Dieter Frey and Stefan Schulz-Hardt (2001)

Confirmation bias in group information seeking and its implications for decision making in administration, business and politics

In: False, ed. Butera, Fabrizio. Hogrefe & Huber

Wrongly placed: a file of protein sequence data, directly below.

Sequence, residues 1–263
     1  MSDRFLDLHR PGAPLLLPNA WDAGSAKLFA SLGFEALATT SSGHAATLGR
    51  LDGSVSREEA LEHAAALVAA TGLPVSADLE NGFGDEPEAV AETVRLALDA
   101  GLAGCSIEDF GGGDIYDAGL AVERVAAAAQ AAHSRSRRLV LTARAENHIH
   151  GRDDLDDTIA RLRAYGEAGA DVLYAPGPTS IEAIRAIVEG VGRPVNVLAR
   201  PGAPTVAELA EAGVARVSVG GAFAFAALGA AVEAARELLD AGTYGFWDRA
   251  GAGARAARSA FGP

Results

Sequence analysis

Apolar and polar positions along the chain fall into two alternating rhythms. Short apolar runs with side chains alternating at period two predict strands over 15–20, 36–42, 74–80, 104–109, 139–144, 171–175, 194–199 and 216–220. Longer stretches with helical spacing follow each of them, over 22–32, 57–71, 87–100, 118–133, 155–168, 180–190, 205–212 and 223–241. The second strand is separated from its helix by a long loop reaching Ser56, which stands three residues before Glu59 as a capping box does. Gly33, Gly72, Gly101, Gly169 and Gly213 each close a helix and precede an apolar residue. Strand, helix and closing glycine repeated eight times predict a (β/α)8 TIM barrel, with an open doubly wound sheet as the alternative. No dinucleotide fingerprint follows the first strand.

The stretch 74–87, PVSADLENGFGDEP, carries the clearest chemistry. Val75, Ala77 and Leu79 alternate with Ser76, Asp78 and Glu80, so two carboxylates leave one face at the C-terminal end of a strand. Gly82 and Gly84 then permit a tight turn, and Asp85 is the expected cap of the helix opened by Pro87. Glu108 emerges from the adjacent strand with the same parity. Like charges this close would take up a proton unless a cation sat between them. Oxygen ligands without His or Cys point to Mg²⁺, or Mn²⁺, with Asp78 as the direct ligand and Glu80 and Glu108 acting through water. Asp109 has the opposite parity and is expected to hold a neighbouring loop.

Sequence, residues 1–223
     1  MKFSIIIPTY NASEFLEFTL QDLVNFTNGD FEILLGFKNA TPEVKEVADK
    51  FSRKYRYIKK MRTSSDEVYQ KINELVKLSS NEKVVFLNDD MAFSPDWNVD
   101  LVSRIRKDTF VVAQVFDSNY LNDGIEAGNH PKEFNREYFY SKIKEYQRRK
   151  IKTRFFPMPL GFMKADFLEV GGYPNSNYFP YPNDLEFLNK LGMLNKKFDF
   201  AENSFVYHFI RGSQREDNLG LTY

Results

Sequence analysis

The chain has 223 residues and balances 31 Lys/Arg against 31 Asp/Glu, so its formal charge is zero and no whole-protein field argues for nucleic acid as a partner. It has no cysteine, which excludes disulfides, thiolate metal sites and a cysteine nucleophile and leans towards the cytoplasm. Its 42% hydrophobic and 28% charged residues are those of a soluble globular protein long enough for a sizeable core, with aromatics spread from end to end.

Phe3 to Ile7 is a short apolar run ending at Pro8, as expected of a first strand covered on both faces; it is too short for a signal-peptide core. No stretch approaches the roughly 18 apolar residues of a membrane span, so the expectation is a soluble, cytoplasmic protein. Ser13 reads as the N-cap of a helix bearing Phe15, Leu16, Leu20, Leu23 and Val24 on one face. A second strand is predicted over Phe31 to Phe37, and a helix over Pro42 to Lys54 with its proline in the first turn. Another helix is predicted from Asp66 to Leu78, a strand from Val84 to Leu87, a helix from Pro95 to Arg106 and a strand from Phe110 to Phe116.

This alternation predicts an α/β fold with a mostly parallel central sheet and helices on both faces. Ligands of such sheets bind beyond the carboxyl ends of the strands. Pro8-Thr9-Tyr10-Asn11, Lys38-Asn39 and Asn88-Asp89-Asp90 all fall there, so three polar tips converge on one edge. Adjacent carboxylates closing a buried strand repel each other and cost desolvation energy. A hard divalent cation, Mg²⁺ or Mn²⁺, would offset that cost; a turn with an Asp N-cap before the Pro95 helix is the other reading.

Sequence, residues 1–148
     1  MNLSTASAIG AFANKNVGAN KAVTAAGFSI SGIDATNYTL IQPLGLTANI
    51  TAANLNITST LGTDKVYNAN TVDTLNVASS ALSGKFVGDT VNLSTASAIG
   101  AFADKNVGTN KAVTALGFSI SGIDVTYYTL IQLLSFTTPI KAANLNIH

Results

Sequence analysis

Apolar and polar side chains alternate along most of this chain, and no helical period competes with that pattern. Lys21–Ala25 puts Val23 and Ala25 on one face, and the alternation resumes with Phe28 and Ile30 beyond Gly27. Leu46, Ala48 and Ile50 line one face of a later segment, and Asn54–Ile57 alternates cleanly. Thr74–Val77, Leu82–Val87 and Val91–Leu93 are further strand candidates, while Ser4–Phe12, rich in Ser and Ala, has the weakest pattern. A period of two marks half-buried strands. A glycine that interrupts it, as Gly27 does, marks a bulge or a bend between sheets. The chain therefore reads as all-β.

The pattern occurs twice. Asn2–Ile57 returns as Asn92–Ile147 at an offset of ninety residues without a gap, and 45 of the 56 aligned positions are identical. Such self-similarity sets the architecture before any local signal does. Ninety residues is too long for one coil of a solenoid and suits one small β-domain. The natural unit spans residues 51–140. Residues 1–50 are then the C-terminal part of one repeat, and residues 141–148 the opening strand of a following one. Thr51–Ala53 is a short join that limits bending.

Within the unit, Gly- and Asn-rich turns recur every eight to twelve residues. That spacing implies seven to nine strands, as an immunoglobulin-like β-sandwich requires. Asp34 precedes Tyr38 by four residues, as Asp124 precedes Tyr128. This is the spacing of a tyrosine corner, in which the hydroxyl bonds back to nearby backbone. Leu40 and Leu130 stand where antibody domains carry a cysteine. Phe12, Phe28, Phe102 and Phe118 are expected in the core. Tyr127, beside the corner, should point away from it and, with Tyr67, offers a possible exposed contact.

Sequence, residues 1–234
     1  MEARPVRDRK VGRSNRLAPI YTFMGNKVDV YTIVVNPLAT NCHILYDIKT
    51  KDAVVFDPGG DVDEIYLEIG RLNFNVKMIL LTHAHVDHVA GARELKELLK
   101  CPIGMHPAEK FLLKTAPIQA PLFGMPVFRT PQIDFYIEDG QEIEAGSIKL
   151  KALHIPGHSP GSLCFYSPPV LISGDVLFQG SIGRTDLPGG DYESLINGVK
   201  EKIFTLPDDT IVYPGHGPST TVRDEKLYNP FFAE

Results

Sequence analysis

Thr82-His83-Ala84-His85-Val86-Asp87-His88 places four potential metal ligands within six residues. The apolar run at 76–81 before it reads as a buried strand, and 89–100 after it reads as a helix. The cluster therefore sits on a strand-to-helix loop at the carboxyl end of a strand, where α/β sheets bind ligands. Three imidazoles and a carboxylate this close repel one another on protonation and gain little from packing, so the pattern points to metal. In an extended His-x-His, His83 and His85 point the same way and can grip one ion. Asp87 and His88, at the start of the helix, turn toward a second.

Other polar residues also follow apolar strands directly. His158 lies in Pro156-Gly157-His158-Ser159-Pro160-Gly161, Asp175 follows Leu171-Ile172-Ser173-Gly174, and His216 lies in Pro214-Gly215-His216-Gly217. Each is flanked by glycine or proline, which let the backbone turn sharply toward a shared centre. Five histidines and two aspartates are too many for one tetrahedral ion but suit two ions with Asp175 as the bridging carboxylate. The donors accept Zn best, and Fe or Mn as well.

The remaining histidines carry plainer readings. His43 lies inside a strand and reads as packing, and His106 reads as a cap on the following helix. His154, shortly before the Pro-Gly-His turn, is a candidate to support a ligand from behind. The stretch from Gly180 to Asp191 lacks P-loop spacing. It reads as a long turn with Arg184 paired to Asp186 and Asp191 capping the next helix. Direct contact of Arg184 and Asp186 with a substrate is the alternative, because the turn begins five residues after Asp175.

Discusses research on the confirmation bias and other selectivity effects in group information seeking, and explores the impact on group decision making. After a short discussion of factors that increase confirmation bias in individual decision making, information seeking processes in groups are described based on the authors' research with groups of two to seven subjects. Results revealed that a confirmation bias (1) occurs after preliminary group decisions, (2) is stronger in groups with homogeneous preferences (further increased by commitment and confidence), (3) is decreased by contrived dissent (i.e., devil's advocacy), though to a lesser degree than by genuine dissent (heterogeneous preferences), (4) does not, as expected, preclude sensitivity to the situational context, (5) increases under justification pressure, but only when the decision may prove objectively wrong, (6) is stronger in groups with a directive leader, and (7) is stronger when the decision is made by an elected group representative. Furthermore, implications of the above findings for ``real world'' group decision making are discussed and measures to increase reality testing in groups are derived.